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Battelle Oil & Gas Newsletter

Battelle Oil & Gas Newsletter

Assessing Brine Disposal Capacity in the Northern Appalachian Basin

How much brine can be stored in the Northern Appalachian Basin, and where are the safest places to inject? Oil and gas operators in Ohio, West Virginia and Pennsylvania now have clear answers for safe, economical brine disposal decisions. 

Growth in shale gas production in the Appalachian region has led to increased demand for brine and flowback water disposal options. In 2013, the Research Partnership to Secure Energy for America (RPSEA) contracted with Battelle to lead an investigation of the geologic storage capacity of the Northern Appalachian Basin in order to develop a geologic and operational framework for brine disposal. Research was completed in 2015, and results are now available in a new technical report from RPSEA. The report details storage capacity and geotechnical suitability in the main injection zones throughout the region to help oil and gas producers identify the most economical, geographically convenient and safe geologic storage locations for brine disposal. 

The project—conducted in partnership with Kentucky Geological Survey, NSI Technologies, Ohio Division of Geological Survey, Pennsylvania Bureau of Topographic and Geologic Survey, West Virginia Geological and Economic Survey, and Ohio Oil Gathering Corporation—studied geotechnical parameters and historical operational data from eastern Kentucky, Ohio, Pennsylvania and West Virginia.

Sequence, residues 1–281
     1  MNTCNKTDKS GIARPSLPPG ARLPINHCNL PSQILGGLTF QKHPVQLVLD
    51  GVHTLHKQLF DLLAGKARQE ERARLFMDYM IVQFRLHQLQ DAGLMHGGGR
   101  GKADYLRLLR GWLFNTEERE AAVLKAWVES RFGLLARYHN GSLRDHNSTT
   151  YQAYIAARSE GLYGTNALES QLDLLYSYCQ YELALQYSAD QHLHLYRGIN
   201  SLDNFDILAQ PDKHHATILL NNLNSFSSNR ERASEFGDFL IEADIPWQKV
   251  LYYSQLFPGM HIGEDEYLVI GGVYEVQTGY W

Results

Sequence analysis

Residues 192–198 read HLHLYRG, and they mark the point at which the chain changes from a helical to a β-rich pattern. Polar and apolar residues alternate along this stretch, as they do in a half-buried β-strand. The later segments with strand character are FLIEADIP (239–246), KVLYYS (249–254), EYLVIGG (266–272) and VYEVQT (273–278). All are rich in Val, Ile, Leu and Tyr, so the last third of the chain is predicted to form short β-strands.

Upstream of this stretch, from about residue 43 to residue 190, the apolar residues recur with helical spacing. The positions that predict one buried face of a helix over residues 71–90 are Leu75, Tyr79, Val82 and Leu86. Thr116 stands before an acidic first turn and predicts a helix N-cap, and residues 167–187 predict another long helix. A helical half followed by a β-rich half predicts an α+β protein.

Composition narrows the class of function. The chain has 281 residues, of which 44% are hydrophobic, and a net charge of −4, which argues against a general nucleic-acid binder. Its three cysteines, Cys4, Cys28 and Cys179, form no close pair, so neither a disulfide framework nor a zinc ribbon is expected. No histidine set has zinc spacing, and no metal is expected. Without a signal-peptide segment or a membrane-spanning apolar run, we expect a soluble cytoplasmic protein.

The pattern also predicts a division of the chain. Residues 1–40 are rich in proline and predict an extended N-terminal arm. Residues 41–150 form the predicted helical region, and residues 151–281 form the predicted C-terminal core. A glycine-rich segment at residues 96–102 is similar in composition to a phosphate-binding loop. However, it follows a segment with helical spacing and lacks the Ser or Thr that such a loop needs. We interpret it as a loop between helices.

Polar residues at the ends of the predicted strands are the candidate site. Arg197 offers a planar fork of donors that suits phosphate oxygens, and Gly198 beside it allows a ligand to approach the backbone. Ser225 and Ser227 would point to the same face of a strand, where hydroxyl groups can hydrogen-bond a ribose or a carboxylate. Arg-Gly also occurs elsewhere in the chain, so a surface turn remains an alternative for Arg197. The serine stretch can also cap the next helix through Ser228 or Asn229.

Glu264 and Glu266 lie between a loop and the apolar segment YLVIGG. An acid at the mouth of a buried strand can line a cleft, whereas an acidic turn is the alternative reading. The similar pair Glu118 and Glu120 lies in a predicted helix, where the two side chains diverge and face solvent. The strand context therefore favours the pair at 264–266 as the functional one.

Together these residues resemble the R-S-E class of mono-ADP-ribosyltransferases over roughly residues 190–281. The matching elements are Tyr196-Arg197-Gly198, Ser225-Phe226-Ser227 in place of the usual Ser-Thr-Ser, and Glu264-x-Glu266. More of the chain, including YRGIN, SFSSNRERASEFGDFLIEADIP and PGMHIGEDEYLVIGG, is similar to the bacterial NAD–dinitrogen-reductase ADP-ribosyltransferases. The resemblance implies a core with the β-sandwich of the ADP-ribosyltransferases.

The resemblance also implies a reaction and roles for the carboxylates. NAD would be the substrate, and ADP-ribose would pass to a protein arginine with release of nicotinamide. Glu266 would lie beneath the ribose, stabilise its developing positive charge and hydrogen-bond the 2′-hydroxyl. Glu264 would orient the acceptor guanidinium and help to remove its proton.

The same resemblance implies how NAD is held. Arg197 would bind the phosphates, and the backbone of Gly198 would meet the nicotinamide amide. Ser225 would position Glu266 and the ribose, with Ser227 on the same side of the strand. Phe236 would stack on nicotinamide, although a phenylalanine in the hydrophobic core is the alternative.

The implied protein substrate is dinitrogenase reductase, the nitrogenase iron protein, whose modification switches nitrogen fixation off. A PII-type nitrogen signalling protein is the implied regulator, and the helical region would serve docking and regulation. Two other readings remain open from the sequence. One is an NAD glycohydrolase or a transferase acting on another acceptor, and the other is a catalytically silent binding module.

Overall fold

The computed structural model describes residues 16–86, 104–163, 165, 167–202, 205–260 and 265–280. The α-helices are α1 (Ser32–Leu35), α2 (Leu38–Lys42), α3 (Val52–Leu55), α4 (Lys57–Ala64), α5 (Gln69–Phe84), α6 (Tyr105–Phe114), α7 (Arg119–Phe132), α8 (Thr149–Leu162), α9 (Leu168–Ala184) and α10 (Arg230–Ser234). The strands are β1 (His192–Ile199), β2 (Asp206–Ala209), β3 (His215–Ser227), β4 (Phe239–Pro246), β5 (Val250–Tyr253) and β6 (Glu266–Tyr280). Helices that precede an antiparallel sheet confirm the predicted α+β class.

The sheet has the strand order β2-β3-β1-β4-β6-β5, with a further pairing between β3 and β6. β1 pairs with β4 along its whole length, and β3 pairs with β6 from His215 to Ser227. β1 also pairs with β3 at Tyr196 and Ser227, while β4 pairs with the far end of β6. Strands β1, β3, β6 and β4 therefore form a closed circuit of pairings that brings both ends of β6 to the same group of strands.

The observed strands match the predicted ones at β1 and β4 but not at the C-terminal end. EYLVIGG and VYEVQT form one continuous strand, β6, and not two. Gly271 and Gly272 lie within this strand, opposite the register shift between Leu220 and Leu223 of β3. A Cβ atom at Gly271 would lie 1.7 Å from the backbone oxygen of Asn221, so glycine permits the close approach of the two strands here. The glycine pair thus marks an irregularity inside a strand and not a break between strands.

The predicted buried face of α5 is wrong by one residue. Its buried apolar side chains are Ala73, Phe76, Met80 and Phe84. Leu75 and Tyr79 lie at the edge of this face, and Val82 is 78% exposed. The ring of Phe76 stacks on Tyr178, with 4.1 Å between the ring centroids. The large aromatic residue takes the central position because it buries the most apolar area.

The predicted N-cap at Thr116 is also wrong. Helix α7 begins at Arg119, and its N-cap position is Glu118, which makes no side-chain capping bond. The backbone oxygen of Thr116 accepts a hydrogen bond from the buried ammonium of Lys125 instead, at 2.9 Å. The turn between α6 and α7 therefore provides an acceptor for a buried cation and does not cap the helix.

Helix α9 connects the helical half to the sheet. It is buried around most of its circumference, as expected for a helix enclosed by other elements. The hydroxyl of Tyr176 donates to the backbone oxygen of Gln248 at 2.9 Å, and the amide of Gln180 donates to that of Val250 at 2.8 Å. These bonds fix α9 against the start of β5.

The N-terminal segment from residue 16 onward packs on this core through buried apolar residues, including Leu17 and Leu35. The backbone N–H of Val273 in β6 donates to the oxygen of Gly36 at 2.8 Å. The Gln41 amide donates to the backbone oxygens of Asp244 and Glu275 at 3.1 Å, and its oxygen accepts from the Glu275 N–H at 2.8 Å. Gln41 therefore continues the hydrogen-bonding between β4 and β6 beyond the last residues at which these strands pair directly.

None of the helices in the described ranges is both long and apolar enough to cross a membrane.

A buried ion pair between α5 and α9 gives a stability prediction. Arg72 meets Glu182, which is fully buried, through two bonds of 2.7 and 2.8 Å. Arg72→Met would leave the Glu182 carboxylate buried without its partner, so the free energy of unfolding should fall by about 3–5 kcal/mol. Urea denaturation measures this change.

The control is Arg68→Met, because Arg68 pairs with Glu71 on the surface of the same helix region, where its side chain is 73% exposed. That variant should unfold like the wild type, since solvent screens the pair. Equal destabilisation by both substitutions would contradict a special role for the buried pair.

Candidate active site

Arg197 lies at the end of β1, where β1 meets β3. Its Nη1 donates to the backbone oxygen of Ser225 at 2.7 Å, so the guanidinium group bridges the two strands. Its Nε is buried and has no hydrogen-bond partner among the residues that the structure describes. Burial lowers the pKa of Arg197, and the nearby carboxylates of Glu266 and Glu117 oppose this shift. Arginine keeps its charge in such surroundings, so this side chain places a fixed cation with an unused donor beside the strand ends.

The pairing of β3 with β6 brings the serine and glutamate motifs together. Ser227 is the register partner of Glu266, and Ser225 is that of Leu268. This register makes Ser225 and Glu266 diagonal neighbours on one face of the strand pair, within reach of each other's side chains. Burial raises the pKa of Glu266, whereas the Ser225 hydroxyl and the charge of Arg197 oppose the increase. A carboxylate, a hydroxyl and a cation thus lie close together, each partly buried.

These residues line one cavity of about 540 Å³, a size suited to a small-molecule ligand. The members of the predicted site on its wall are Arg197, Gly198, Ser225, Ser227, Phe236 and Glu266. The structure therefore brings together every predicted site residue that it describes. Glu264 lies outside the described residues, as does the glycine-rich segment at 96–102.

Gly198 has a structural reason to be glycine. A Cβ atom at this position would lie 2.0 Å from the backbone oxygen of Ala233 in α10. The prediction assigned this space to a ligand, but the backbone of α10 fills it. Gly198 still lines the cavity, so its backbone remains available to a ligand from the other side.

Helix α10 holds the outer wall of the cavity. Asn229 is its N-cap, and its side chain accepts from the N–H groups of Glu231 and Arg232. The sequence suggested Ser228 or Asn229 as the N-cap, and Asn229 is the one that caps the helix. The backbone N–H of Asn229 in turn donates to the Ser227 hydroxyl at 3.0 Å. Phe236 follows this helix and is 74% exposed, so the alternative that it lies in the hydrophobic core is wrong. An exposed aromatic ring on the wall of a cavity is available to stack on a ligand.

Researchers analyzed subsurface characteristics and took core samples to evaluate the permeability, strength and porosity of rock in different areas. They also looked at historical operational data in each of the studied zones. Using computer modeling and simulation, they were able to determine total storage capacity and predict the potential fate and transport of injected brine in each target area. Field research at six operating wells was used to validate the computer models.

The study determined that, overall, there is more than enough capacity to meet projected brine disposal needs for the shale gas industry for many years to come. However, some areas are more suitable for brine disposal than others. The technical report details this local information along with recommended safe injection rates and limits for each area.